More than 200 human rights organizations are calling for a boycott of the Winter Games in Beijing over China’s human rights record.
The United States and some other countries have decided on a limited boycott, a diplomatic one in which officials will not attend the Games as spectators, but athletes will still participate under their country's flag.
Why are so many groups protesting what they are calling the “Genocide Games”? What are the accusations against the Chinese government of Xi Jinping?
Here is a look at what the U.S. government, human rights groups and others say is occurring.
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Repressing Uyghurs in Xinjiang
The Uyghurs are a Turkic-speaking ethnic group, about 11 million of whom live in the northwestern China region of Xinjiang. Most are Muslim. Since 2017, the Chinese government has imprisoned more than one million in a network of detention centers. There have been reports of torture, forced labor and involuntary sterilization; children have been separated from their parents. Documents leaked to the International Consortium of Investigative Journalists and published by NBC News reveal how the state is using personal data collected through searches, facial recognition cameras and other methods to control the population.
China has called the camps vocation training centers needed to fight extremism. The government has justified its treatment of Uyghurs and other Muslim minorities as necessary to prevent terrorism, such as the deadly knife attacks at a railway station in 2014 that killed more than 30. Chinese authorities blamed separatists from Xinjiang.
The United States and other countries accuse China of genocide and crimes against humanity.
Curtailing Democracy in Hong Kong
China imposed a National Security Law on Hong Kong in 2020, giving itself new powers to punish opponents.
Critics accuse China of reneging on agreements it made when the former British colony was returned to China in 1997. At the time, China promised that under a policy called “one country, two systems,” Hong Kong would be allowed to manage its affairs for 50 years, with freedoms not available on the mainland and a capitalist system. Free elections are a goal but Hong Kong is not a full democracy and its current leader, Carrie Lam, was handpicked by Beijing. She controversially backed the National Security Law and proposed another law that would have allowed extraditions to mainland China.
Hundreds of thousands of demonstrators marched in 2019 against the extradition law and later against police brutality, with some even breaking into the legislature and staging sit-ins at the airport. Protests turned into violent battles with police.
The coronavirus forced the demonstrators to take a break in 2020 and when they began again police arrested nearly 200 people. In 2021, The Associated Press reported, a pro-democracy media outlet closed, opposition candidates were blocked and activists fled or were jailed.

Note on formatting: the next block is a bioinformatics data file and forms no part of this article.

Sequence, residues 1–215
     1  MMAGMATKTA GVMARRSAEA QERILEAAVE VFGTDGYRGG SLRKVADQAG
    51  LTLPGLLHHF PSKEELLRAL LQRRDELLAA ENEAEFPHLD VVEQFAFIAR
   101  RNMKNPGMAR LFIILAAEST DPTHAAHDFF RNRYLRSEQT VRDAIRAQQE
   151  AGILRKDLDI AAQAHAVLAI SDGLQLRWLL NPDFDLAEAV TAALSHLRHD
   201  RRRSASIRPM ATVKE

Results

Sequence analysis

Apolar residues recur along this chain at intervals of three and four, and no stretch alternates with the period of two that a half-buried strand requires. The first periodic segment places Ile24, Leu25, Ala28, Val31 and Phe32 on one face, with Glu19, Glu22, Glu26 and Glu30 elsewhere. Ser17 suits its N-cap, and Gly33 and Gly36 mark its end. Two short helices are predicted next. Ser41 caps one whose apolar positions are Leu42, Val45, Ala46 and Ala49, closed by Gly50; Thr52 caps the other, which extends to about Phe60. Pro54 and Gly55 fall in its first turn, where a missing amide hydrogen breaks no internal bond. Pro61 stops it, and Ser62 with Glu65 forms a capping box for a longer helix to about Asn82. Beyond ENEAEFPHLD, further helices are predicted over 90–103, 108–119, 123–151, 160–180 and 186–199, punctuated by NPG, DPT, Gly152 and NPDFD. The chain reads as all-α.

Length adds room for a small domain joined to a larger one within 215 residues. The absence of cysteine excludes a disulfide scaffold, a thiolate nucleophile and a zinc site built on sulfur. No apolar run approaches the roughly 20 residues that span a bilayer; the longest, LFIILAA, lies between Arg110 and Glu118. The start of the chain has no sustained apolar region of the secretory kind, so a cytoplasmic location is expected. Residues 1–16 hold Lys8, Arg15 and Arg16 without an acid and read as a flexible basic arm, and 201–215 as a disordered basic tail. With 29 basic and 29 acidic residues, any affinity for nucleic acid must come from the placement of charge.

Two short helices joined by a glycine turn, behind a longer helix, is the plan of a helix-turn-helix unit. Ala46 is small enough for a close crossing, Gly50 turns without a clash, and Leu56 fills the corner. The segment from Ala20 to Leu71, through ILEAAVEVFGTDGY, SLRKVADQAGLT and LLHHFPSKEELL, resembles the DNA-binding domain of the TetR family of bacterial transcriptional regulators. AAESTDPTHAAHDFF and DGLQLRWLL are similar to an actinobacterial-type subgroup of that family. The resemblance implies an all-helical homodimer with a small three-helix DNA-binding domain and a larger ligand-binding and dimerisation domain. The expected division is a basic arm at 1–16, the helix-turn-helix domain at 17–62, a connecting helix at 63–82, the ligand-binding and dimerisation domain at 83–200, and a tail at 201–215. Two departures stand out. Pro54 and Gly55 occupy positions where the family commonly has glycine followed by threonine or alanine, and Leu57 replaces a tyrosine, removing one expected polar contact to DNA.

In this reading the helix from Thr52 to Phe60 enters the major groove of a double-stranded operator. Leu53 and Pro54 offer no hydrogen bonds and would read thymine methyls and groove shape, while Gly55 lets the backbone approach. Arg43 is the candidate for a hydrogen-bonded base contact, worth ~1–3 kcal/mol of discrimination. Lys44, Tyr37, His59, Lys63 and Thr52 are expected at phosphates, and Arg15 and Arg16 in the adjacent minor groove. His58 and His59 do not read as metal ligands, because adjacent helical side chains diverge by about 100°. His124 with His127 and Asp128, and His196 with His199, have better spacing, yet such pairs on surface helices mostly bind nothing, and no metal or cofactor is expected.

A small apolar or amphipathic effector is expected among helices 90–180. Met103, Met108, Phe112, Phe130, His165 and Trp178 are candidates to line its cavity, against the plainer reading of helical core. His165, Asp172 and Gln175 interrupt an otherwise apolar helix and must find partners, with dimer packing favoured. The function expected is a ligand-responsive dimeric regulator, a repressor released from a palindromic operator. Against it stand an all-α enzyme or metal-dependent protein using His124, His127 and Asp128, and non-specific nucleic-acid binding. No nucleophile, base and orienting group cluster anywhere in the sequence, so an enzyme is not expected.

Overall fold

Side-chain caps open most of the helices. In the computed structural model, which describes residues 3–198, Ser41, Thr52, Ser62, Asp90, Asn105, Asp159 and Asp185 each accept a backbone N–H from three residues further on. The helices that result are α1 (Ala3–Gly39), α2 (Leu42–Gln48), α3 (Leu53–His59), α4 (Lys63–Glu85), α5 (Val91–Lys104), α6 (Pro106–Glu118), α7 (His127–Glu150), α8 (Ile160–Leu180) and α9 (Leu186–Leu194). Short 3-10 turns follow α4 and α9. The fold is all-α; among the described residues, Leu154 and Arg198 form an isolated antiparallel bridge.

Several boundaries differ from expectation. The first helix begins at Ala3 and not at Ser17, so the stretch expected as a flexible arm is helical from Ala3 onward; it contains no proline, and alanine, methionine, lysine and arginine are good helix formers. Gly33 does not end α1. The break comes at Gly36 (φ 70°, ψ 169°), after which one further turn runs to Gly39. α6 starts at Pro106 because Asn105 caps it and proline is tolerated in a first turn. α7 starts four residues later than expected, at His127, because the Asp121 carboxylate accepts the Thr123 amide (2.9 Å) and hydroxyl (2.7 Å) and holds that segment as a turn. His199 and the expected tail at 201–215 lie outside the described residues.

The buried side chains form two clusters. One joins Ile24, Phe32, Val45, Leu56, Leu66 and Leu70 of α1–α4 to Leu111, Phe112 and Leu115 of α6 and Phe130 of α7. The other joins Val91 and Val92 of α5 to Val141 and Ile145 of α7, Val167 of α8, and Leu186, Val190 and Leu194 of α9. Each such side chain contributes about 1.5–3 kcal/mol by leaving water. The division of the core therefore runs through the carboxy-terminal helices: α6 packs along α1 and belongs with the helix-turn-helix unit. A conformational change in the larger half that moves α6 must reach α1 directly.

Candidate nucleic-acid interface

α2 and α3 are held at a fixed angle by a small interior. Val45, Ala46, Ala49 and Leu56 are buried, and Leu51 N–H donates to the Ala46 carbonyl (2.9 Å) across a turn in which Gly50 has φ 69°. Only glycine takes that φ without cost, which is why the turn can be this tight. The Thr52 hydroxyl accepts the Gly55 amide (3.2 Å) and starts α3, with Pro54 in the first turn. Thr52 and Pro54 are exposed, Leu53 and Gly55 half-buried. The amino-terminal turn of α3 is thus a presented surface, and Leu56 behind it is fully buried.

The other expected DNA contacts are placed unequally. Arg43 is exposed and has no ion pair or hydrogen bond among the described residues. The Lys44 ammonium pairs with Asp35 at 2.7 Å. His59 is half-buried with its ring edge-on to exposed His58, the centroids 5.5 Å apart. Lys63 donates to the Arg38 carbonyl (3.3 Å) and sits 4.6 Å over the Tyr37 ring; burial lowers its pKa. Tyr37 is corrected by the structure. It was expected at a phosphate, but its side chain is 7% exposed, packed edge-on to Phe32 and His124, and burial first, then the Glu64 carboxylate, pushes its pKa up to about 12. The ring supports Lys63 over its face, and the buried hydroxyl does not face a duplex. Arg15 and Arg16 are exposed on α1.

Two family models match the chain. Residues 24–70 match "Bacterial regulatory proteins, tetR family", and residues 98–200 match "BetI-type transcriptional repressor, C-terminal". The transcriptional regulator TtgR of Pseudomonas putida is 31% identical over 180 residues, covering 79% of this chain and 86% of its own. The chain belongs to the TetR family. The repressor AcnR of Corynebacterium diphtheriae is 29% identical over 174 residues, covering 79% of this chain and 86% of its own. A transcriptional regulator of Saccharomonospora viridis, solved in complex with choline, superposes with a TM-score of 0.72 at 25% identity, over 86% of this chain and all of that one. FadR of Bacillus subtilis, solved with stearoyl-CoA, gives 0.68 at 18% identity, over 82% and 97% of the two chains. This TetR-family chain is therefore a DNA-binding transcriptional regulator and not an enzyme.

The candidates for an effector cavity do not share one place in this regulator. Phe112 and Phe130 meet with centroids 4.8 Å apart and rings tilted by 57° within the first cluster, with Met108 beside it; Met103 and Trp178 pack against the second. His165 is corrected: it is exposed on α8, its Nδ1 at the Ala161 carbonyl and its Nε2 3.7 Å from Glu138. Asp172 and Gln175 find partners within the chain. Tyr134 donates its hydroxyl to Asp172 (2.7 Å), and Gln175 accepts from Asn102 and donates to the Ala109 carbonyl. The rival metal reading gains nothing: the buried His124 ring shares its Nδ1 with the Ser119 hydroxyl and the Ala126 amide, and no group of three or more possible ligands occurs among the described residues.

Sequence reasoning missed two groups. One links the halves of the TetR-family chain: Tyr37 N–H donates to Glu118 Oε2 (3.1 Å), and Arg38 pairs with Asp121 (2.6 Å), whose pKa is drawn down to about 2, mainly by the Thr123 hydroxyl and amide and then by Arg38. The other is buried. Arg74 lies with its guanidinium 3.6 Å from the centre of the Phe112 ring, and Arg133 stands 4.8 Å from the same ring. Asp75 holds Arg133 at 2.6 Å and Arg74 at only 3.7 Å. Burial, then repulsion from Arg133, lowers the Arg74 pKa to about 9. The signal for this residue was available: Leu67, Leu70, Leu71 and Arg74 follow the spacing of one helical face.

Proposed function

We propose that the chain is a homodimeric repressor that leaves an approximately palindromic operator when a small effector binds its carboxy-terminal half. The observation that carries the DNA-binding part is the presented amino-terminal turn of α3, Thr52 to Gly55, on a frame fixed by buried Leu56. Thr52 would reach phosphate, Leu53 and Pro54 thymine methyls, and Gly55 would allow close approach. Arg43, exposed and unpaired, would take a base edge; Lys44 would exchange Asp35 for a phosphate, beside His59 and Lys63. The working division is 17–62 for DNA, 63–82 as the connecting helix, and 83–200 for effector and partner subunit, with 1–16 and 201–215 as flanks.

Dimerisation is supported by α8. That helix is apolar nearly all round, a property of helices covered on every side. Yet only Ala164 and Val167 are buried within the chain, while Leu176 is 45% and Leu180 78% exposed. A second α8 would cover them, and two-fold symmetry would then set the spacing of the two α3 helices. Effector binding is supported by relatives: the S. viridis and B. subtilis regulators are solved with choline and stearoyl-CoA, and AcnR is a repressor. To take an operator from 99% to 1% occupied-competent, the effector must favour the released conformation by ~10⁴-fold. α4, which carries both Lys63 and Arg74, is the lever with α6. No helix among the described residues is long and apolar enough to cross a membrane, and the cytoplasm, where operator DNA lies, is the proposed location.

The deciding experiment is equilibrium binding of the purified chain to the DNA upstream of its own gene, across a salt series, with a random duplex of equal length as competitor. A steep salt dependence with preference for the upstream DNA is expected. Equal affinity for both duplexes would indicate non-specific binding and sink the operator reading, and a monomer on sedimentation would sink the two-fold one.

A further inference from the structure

“As the days of 2021 dwindled, so did any remaining traces of democracy in Hong Kong,” AP wrote.
Suppressing Tibetan Culture
Tibetan activists say that China has been trying to destroy Tibet’s language, culture and religion since it invaded in 1950. An uprising in 1959 was crushed and the Dalai Lama fled to India.
The Chinese government claims that Tibet has been part of China for centuries, while Tibetans point to periods when Tibet ruled itself.
China has imposed restrictions on cultural and religious freedom and has refused to talk with the Dalai Lama, who has proposed that Tibet have control over its domestic affairs but leave China in charge of its foreign affairs and defense.
The Tibet Action Institute says China has separated up to 900,000 children from their families and has forced them into boarding schools. The schools are the cornerstone of Xi Jinping’s efforts to eliminate Tibetan identity, the network says.
When China hosted the Olympics in 2008, Tibetans protested in the Tibetan capital, Lhasa, and began a new campaign of resistance.
This dispute goes back to the civil war that broke out in China after World War II between the Chinese Communist Party and the Kuomintang, or Nationalist Party.
When the communists created the People’s Republic of China on the mainland in 1949, the Kuomintang and the government of the Republic of China moved to Taiwan.
China insists that Taiwan is part of its territory and says it will eventually be unified with the mainland, by force if necessary.
But the island has a democratically elected government, and the president currently in office, Tsai Ing-wen, has said China must “face reality.”
Tsai has stopped short of formally declaring Taiwan independent, which would provoke China, telling the BBC in January 2020: “We don't have a need to declare ourselves an independent state. We are an independent country already and we call ourselves the Republic of China (Taiwan), and we have our own system of running the country, and we do have a government and we have a military, and we have elections.”
The United States recognized the People’s Republic of China as the sole legitimate government of China in 1979.
Tsai, of the Democratic Progressive Party, beat an opponent from the Kuomintang, which is seen as more friendly to the mainland.
China has recently increased pressure on Taiwan militarily and politically, including flying fighter jets near the island.